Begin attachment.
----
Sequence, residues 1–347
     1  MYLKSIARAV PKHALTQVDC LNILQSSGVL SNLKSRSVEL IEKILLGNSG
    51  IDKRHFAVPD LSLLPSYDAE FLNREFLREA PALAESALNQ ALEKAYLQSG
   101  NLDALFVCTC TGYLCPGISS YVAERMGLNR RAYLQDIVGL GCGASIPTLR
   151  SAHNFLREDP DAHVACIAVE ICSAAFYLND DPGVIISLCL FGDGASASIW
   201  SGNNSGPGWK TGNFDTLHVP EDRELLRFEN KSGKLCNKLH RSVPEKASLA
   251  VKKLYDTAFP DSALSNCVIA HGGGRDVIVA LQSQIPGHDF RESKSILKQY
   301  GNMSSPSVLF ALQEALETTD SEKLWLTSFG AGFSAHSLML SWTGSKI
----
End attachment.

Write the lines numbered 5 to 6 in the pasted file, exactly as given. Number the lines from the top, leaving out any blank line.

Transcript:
   151  SAHNFLREDP DAHVACIAVE ICSAAFYLND DPGVIISLCL FGDGASASIW
   201  SGNNSGPGWK TGNFDTLHVP EDRELLRFEN KSGKLCNKLH RSVPEKASLA